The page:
Today's podcast is a twenty-minute interview with Arthur van Hoff about the newly-released TiVo SDK. A founding father of Java, van Hoff became Marimba's CTO and chief scientist and then, in 2002, launched a small startup called Strangeberry. When TiVo acquired Strangeberry last year, it described the company thusly:
A small Palo Alto based technology company specializing in using home network and broadband technologies to create new entertainment experiences on television. [TiVo SEC filing]I'd been traveling when the SDK launched, and wasn't able try it until after this interview was over, but now that I've run through the samples I'm on the horns of a dilemma. It's tempting to jump in and start writing TiVo HME (home media engine) apps that turn the TV into an information kiosk. Projecting electronic calendars on the TV, for example, might be a nice way to augment the paper calendar hanging on our refrigerator. On the other hand, I'm inclined to wait until the SDK opens up more of TiVo's guts: scheduling, the media repository, video playback.
Some pullquotes from the interview:
On Rendezvous: The TiVo uses Rendezvous to discover applications on the local network.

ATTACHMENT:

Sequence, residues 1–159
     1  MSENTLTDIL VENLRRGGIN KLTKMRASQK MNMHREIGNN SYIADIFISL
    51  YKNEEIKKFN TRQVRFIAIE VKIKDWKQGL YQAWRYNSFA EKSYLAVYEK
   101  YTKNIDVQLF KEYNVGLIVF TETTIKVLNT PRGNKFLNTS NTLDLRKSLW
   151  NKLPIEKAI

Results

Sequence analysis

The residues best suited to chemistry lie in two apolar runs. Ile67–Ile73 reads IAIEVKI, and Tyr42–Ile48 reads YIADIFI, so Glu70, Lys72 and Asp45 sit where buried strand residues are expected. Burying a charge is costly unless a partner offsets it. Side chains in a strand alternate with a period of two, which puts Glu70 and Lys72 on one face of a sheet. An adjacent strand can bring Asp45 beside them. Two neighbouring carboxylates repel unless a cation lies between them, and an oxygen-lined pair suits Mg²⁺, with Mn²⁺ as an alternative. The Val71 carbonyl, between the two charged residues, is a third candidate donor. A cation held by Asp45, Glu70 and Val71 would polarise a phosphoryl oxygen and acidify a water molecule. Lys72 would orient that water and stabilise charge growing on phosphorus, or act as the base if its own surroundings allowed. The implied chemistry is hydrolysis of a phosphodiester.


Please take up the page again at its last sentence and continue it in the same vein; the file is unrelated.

On home control: I have an X10 home lighting system, and I've written a Java application that runs on a Linux server in my closet that the TiVo discovers. So I can now control all the lights in my house, and turn on the fountain in the back yard, and stuff like that.
On partner apps: In that case the app isn't going to run on your PC, it's going to run somewhere in the network. There are obvious applications in that space: shopping, movie ticket buying, things that make sense with your home entertainment world.
Towards the end of the interview I ask whether the SDK will enable me to write apps that people can use to integrate TV into the blogosphere. For example, yesterday's entry about John Abramson's book was originally motivated by his appearance on CSPAN's BookTV. I quoted from the book and would also have liked to quote video snippets from the show. But although we can quite handily deconstruct and reformulate print media, we can't do the same with audio or video. Of course there are tremendous technical and legal hurdles. On the technical side, it's hard to create a realm of shared discourse when content lives partly in the cloud and partly in local cache, with no unifying addressing scheme. On the legal side, we've yet to clear the way for fair-use quotation of rich media.
Given these limitations and the constraints currently imposed on the first TiVo SDK, I'm not yet seeing a huge opportunity to make TV into the kind of two-way experience that the Web has become. However, van Hoff does suggest that TiVo's tagging technology could be used to associate metadata with the shows we watch, and then export that metadata to the blogosphere. I'd definitely like to try doing that.
Former URL: http://weblog.infoworld.com/udell/2005/02/08.html#a1170